Chinese telecoms manufacturer denies spying claims (again)

Huawei HQ

Huawei HQ

By IAN ALLEN| intelNews.org |
Huawei Technologies is one of China’s fastest-rising corporations. Founded in 1988 to import Western office telephone systems to China, the company today has become one of the country’s leading exporters, producing all kinds of hi-tech communications hardware equipment, ranging from routers to cell towers and undersea cables. But, as intelNews has indicated on several instances, Huawei’s export growth has been hampered in recent years by widely circulated suspicions that the company maintains close ties to the Chinese military and intelligence establishments. In 2009, the Australian Security Intelligence Organisation (ASIO) investigated one of Huawei’s Australian-based subsidiaries for links to Chinese intelligence operations. In the following year, the Indian government barred the company from operating in India, citing its allegedly “strong links with the Chinese military”. In August of 2010, several American senators called for an investigation into a proposed collaboration between Huawei and US-based Sprint-Nextel, arguing that the Chinese hardware manufacturer is “effectively controlled by China’s civilian and military intelligence establishment”. Further controversy erupted in the United States in February of this year, when another group of American Congress members accused Huawei of having supplied telecommunications equipment to Iran and the Afghan Taliban. The controversy around Huawei, which currently employs over 110,000 people in China and beyond, centers partly on its founder and chief executive owner, Ren Zhengfei. A former Director of the People’s Liberation Army’s Engineering Corps, Zhengfei founded Huawei a few years after retiring from his government job. His critics claim that he never truly retired from the PLA, and that he maintains routine links with the Communist Party of China, of which he is a member, as well as Chinese military intelligence. Read more of this post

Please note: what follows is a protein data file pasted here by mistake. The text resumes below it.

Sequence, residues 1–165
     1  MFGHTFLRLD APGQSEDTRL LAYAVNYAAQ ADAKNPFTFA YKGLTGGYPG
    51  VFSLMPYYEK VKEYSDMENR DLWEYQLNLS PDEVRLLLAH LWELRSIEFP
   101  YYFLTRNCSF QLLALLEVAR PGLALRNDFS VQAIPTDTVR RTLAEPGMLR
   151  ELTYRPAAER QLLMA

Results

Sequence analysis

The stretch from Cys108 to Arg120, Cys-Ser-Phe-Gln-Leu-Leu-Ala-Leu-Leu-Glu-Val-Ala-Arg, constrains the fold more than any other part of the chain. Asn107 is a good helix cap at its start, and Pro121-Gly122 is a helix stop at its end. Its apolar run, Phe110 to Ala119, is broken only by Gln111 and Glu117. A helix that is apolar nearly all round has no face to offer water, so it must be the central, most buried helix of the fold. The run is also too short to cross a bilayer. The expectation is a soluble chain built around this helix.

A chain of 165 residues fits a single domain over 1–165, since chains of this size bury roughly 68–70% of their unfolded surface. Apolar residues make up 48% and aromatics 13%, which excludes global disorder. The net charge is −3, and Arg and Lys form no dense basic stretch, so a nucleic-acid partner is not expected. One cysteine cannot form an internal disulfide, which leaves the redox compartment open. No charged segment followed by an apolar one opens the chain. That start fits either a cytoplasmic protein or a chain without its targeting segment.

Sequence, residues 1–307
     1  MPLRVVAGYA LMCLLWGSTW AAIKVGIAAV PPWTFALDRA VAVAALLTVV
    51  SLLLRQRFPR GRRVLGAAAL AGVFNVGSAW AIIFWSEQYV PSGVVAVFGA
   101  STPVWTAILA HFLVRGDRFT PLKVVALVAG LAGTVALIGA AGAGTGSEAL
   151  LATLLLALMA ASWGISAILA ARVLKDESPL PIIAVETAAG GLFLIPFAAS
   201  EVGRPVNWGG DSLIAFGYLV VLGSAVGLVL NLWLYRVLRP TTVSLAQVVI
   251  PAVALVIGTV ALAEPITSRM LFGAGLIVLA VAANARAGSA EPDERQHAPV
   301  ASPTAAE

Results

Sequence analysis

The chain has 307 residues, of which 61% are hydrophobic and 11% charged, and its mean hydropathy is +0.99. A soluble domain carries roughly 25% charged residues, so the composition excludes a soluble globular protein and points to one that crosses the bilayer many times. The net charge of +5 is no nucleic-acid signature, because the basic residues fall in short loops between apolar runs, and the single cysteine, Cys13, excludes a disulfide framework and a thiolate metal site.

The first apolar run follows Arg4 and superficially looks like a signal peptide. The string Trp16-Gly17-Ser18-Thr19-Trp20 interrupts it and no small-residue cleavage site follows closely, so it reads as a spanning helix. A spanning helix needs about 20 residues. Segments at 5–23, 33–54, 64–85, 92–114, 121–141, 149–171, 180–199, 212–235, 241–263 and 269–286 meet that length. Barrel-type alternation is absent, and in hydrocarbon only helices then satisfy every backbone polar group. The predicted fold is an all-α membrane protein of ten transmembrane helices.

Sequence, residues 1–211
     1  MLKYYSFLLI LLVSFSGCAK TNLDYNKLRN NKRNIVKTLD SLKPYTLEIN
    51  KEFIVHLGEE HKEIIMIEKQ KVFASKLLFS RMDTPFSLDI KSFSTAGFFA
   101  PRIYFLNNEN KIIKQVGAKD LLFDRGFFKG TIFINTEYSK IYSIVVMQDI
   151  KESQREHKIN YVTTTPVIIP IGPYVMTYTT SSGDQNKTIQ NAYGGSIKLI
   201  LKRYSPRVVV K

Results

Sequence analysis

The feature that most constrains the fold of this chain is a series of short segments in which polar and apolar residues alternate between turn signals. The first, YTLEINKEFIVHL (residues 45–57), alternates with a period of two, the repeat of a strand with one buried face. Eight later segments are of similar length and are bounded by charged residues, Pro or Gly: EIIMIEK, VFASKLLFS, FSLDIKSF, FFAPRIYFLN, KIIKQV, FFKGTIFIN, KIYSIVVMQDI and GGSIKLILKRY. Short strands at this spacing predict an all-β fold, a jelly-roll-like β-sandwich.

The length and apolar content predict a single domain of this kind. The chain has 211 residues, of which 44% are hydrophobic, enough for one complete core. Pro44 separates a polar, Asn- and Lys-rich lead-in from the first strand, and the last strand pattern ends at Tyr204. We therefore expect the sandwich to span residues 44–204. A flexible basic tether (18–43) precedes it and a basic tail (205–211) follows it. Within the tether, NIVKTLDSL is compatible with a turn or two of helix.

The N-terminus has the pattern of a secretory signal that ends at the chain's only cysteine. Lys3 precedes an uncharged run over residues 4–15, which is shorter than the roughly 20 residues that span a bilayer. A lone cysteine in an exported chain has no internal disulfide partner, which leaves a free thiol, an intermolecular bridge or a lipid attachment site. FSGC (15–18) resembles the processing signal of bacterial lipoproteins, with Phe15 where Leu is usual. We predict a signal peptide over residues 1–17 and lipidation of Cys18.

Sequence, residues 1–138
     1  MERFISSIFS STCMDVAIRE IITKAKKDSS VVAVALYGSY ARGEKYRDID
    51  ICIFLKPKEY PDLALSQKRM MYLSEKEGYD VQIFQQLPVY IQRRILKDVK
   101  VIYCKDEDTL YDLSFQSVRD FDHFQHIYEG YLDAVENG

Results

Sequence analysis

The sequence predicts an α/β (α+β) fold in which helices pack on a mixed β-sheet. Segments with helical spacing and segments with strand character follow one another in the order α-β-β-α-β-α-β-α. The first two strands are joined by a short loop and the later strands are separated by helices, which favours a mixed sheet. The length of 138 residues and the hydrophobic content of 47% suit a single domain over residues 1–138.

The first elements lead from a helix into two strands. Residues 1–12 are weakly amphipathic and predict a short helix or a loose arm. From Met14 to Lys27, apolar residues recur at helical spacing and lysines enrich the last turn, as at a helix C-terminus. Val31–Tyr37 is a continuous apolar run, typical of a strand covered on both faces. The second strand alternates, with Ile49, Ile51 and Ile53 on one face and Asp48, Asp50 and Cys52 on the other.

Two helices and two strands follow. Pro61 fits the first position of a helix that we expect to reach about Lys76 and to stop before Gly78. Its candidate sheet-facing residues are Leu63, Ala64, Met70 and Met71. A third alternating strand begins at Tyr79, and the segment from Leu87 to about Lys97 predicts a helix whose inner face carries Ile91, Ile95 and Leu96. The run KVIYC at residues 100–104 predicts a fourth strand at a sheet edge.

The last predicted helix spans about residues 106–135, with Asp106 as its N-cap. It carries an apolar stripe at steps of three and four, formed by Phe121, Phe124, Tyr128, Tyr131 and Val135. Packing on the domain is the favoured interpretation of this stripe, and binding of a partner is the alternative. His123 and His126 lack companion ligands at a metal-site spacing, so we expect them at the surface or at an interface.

News you may have missed #496

  • US secretly collaborating with Chinese spies on North Korea. Leaked records of highly sensitive US-China defense consultations reveal that the CIA, the US Office of the Director of National Intelligence, and the US Defense Department, have all held secret discussions on North Korea with Chinese military intelligence.
  • Cuba denounces acquittal of ex-CIA agent. Cuba has denounced as a ‘farce’ the acquittal in the United States of Luis Posada Carriles, a former CIA agent who Havana says participated in terrorist attacks against the island. Carriles was accused of lying to US immigration officials.
  • Analysis: US spy agencies struggling to adjust to Middle East changes. With popular protests toppling rulers in Tunisia and Egypt and threatening leaders in Yemen and elsewhere, US intelligence agencies are struggling to adjust to a radically changed landscape, US officials, former intelligence officers and experts say.

CIA slowly opens up about botched 1952 mission in China

CIA HQ

CIA HQ

By JOSEPH FITSANAKIS | intelNews.org |
The CIA has produced an hour-long documentary about a failed 1952 covert mission inside China, which resulted in the death of two American pilots and the capture of two CIA paramilitary officers, who spent a total of 40 years in Chinese prisons. The documentary, which premiered last week on a restricted basis at the Agency’s Langley, Virginia, headquarters, is based on internal CIA accounts of the operation, some of which were released in 2006. The premiere was reportedly attended by John Downey and Richard Fecteau, two CIA paramilitary officers on their first mission, who were captured by Chinese People’s Liberation Army (PLA) units inside Chinese territory, after the CIA-operated C-47 Skytrain airplane that was carrying them deep inside Chinese airspace was shot down in a Chinese ambush. Read more of this post